Should You Consider Community College?

CommunityCommunity colleges can provide a good chance for students who wish to start off their college career. The also have a reputation, unfortunately, of being “second-rate” schools,” which is not necessarily the case. Lets take a look at some of the advantages and disadvantages of community colleges.

One advantage that community colleges have over other schools is cost. They are often significantly less expensive than other institutions. This is not necessarily true in all cases, however, so make sure to research actual costs before assuming the community college option is less expensive.

Community colleges can also act as stepping-stone to other schools, if you have trouble with admissions. They often offer individual classes, which you can attend to show your commitment to college life. However, make sure that the courses you plan to take are able to count for credit at another school. That is not always the case.

At many larger, more prestigious schools, students, rather than the professor, sometimes teach the actual courses. This is not the case with community colleges.

Although a community college may not offer the types of advanced courses that may be offered at other schools, they can change their curriculum more quickly, to adapt to changing technologies. This can make them a better choice for vocational degrees.

As you apply to your list of schools, It is always good to have a few “safe” colleges on your list, and community colleges can provide that insurance.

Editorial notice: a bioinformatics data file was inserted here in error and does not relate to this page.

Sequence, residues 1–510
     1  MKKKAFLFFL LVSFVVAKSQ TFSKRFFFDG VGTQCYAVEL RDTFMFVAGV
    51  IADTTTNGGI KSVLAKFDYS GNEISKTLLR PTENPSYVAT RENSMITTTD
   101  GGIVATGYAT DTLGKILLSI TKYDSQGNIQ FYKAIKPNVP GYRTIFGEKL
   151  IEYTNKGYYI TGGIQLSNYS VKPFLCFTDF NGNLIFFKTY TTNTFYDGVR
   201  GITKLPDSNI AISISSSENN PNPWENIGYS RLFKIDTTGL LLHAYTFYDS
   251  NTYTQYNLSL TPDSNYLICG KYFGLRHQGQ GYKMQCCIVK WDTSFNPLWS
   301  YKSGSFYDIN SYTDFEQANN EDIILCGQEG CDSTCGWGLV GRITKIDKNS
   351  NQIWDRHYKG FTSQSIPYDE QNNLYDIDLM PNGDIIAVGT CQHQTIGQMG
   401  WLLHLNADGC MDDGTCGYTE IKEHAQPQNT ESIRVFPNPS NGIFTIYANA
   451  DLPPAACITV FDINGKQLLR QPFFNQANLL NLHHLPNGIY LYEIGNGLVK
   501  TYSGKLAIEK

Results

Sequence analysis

Consider community colleges as you apply to schools!

Bobby Touran is the founder and CEO of ApplyKit. ApplyKit helps students manage their entire college application process and also provides key resources to help them excel every step of the way.

  • Paul Hemphill

    Sound advice.

    In my book, How To Win The College Game, my chapter on community colleges is titled, “The Best Kept Secret In America.”

    Admission directors at 4-yr colleges LOVE grads of community colleges for 2 reasons:

    1. They have demonstrated that they can achieve something – at least a 2-yr degree. By contrast, sophomores at 4-yr colleges don’t have a degree yet;

    2. They have not been tainted or distracted by the negatives of 4-yr colleges: on- or off-campus parties and drug abuse.

    Talented professors who hate the grind of the “publish or perish” culture of top universities often end up teaching where they can teach without restrictions – community colleges.

    Perhaps another benefit is that the student spends another 2 years at home bonding with mom and dad. Nah!

    The cost/savings is terrific. I would advise anyone serious about containing college costs to send their kids to community colleges.